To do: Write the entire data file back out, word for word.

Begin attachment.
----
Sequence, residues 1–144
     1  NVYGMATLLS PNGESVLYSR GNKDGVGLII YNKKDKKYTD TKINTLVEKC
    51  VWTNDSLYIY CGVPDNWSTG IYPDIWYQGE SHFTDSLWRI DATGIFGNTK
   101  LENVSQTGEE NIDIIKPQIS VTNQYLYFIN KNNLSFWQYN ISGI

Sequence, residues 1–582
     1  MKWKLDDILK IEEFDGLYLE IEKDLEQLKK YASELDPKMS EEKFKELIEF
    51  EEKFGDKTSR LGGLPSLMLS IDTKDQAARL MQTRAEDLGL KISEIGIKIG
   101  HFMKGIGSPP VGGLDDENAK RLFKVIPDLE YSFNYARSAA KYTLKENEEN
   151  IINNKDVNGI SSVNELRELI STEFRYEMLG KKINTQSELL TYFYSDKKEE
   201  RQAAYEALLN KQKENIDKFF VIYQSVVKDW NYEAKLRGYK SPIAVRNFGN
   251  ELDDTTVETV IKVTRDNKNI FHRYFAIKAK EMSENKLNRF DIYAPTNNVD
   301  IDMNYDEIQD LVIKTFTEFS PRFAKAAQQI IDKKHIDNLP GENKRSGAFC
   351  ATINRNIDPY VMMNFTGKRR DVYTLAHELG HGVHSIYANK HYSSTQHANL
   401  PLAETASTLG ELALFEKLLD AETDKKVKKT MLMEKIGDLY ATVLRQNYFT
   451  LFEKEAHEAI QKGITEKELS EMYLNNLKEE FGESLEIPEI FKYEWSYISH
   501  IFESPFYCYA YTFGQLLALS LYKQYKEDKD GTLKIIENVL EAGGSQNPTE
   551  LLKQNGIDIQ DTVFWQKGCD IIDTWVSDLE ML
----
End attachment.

Sequence, residues 1–144
     1  NVYGMATLLS PNGESVLYSR GNKDGVGLII YNKKDKKYTD TKINTLVEKC
    51  VWTNDSLYIY CGVPDNWSTG IYPDIWYQGE SHFTDSLWRI DATGIFGNTK
   101  LENVSQTGEE NIDIIKPQIS VTNQYLYFIN KNNLSFWQYN ISGI

Sequence, residues 1–582
     1  MKWKLDDILK IEEFDGLYLE IEKDLEQLKK YASELDPKMS EEKFKELIEF
    51  EEKFGDKTSR LGGLPSLMLS IDTKDQAARL MQTRAEDLGL KISEIGIKIG
   101  HFMKGIGSPP VGGLDDENAK RLFKVIPDLE YSFNYARSAA KYTLKENEEN
   151  IINNKDVNGI SSVNELRELI STEFRYEMLG KKINTQSELL TYFYSDKKEE
   201  RQAAYEALLN KQKENIDKFF VIYQSVVKDW NYEAKLRGYK SPIAVRNFGN
   251  ELDDTTVETV IKVTRDNKNI FHRYFAIKAK EMSENKLNRF DIYAPTNNVD
   301  IDMNYDEIQD LVIKTFTEFS PRFAKAAQQI IDKKHIDNLP GENKRSGAFC
   351  ATINRNIDPY VMMNFTGKRR DVYTLAHELG HGVHSIYANK HYSSTQHANL
   401  PLAETASTLG ELALFEKLLD AETDKKVKKT MLMEKIGDLY ATVLRQNYFT
   451  LFEKEAHEAI QKGITEKELS EMYLNNLKEE FGESLEIPEI FKYEWSYISH
   501  IFESPFYCYA YTFGQLLALS LYKQYKEDKD GTLKIIENVL EAGGSQNPTE
   551  LLKQNGIDIQ DTVFWQKGCD IIDTWVSDLE ML